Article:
Q: What Is A Reasonable Time Schedule For Children To Develop The Ability To Recognize Words Independently, Without Someone Else’s Help?
A: With proper phonics teaching it is justifiable to expect the normal child to reach this state by the end of grade two. More apt pupils can become self-sufficient in reading at even an earlier age. Reading independently means the ability of children to read without help any topic they normally can talk about or otherwise understand.
Q: I Have Heard About The “Look-Say” Method Of Teaching Reading – Is This A Valid Approach?
A: No. “Look-Say” methodology assumes that if children are given enough repeated exposures to words as “wholes,” they will learn to identify them as “sight” words. Phonics teaching is de-emphasized and delayed. “Look-Say” suffers the same basic weakness as any other “sight” word method.
Q: What Are The Best Ways To Test My Child’s Reading Abilities?
A: First, listen to him or her read aloud. If he or she guesses at words, some additional direct and systematic phonics instruction is called for. Then, jot down critically important parts of the story your child reads aloud. Have him or her retell the story. How many consequential points were omitted? If this is more than 20 percent, discuss ahead of time with your child the topic and the special words of the next story he or she reads. Unfamiliar words and topics are the greatest handicaps to reading comprehension.
Q: Is The “Language Experience” Method Effective For Reading Development?
A: In this approach children dictate sentences to teachers, who transcribe them on large sheets of paper as children watch. It is theorized here that anything children can so “write” they also easily can read. Since most LE programs do not teach phonics directly, systematically, and intensively, they do not prove to be a superior way to teach children to read.
Q: I Have Heard That Children’s Guessing At Words, Using Sentence Contexts As Cues To Word Identities, Can Substitute For The Application Of Phonics Information. True Or False?
A: False. The use of context cues is a relatively immature and crude means of word recognition, utilized extensively only by beginning readers. Able, mature readers generally recognize words automatically, not through the use of context cues.
Q: Won’t The Intensive Teaching Of Phonics Information Cause Reading Comprehension To Be Largely Ignored Or De-emphasized In Schools?
A: This is an unverified apprehension. Intensive phonics instruction simply develops a necessary tool for the expeditious realization of the ultimate goal of reading: to comprehend literally, critically analyze, and enjoy and appreciate written material. In fact, intensive phonics teaching is the most felicitous and quickest way to create independent readers, i.e., children who can readily comprehend any written topic about which they can talk or think.
Q: Does Teaching Children To Syllabicate Long Words Help Them To Recognize These Words?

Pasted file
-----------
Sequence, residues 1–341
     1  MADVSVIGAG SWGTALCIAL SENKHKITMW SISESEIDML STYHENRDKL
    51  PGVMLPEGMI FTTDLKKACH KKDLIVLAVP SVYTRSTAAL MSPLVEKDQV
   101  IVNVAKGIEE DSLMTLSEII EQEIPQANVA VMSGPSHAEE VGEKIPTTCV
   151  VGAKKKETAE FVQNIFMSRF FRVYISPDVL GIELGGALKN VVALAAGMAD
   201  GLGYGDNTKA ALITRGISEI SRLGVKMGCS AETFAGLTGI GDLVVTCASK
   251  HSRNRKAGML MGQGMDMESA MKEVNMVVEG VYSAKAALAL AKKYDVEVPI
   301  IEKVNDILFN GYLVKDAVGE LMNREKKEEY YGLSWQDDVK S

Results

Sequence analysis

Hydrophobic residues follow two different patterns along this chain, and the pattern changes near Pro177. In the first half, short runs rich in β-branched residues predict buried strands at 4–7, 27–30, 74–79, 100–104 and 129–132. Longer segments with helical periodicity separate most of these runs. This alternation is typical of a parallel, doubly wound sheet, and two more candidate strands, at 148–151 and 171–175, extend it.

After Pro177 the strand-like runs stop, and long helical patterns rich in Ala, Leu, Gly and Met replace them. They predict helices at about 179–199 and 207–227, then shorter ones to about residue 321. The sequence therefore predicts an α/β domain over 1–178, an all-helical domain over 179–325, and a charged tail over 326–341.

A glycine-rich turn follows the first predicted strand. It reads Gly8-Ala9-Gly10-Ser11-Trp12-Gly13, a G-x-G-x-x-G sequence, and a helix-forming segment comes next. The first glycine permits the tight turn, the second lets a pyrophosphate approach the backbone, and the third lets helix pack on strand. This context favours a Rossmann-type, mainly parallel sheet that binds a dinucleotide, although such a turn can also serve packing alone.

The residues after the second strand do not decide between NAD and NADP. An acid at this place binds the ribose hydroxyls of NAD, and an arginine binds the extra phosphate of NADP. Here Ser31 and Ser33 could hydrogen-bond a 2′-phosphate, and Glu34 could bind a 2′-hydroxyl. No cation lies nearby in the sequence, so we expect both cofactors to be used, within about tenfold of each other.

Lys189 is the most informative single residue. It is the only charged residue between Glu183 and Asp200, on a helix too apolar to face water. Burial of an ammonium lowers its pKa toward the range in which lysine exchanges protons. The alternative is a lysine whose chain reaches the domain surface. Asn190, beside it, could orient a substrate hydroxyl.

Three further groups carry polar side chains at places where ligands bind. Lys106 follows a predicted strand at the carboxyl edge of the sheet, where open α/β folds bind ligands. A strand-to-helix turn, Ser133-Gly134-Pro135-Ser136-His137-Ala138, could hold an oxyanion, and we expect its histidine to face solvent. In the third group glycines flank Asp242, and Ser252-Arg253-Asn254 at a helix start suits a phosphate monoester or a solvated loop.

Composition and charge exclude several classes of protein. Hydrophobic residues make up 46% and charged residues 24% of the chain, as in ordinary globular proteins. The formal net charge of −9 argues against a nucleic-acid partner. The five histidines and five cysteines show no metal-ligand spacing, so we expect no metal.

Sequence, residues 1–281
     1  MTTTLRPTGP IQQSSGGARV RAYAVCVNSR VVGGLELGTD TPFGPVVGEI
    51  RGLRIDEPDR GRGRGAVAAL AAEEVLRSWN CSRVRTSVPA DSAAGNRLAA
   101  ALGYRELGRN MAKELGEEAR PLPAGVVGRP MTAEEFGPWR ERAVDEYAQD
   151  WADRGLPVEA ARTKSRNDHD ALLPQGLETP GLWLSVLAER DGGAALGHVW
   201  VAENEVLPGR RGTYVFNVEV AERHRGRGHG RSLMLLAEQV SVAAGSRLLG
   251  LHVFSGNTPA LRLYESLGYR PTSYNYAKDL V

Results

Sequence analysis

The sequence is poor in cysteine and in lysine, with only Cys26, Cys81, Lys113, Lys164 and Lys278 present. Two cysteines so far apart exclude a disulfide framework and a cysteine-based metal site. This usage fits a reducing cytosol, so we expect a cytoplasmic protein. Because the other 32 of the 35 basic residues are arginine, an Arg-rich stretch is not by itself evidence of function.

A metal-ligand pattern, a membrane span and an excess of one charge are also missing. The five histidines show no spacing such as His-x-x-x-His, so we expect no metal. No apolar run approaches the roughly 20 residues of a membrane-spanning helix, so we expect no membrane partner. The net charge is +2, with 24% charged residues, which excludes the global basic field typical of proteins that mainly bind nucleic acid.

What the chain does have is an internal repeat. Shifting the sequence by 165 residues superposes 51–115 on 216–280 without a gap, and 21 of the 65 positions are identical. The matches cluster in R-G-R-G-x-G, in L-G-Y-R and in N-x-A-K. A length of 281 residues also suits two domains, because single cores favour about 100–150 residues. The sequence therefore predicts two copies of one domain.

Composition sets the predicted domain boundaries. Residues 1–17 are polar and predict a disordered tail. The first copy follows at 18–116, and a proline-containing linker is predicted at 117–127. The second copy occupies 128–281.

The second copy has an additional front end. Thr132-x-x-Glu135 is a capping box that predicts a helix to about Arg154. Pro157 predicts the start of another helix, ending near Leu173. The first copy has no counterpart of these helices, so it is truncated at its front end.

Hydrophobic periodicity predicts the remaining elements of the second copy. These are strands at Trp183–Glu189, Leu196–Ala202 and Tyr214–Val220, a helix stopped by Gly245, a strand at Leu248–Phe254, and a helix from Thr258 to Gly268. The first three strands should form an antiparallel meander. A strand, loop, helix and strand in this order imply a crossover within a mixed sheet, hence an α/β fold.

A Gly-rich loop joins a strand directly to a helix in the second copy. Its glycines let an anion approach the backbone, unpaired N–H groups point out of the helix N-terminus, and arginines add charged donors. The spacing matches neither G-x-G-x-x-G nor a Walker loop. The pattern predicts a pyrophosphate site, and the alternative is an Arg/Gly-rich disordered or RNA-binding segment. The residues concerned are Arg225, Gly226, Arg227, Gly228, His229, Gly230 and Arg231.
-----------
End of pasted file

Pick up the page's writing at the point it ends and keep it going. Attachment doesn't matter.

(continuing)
A: Yes, with proper teaching. Children readily can identify the number of syllables in a spoken word. Thus, they correctly will say there are four syllables in interesting. Teaching the dictionary syllabication of words to help children read them is not the most productive practice, however. A better procedure is to teach children to first identify the vowel letters in long words, and then to attach the consonant letters that follow. The syllabication of interesting thus becomes int-er-est-ing. Manipulate becomes man-ip-ul-ate.
Q: Books Called “Basal Readers” Are Widely Used In Schools. Are They The Best Means By Which To Teach Phonics Information?
A: These books, given grade-level designations, are accompanied by instructional manuals for teachers. Unfortunately, they generally do not teach phonics information adequately. With rare exceptions, they do not teach enough phonics information to prepare children to recognize quickly and accurately the words they present in their stories. It has been found that almost any basal reader system is improved by the addition of intensive phonics teaching.
Q: Many Schools Now Tell Children To Use “Invented Spelling.” Are There Any Dangers In This Practice?
A: Yes. To avoid frustrating these young pupils, they should be provided words to read that their phonics training has prepared them to recognize. Also, long and convoluted sentences should be avoided. As children’s reading abilities grow, these controls can be relaxed progressively.
Q: It Is Said That Literacy Instruction Should Be “Integrated.” What Does This Mean?
A: Literacy consists of writing as well as reading ability. It greatly reinforces a child’s ability to recognize a word if he or she learns to spell and handwrite it immediately after learning to identify it. Urging children to write this word at this time in original sentences has the same desirable effect.
Q: My School District Has Adopted The “Whole Language” Approach To Reading Development. What Are Its Views On Phonics Teaching?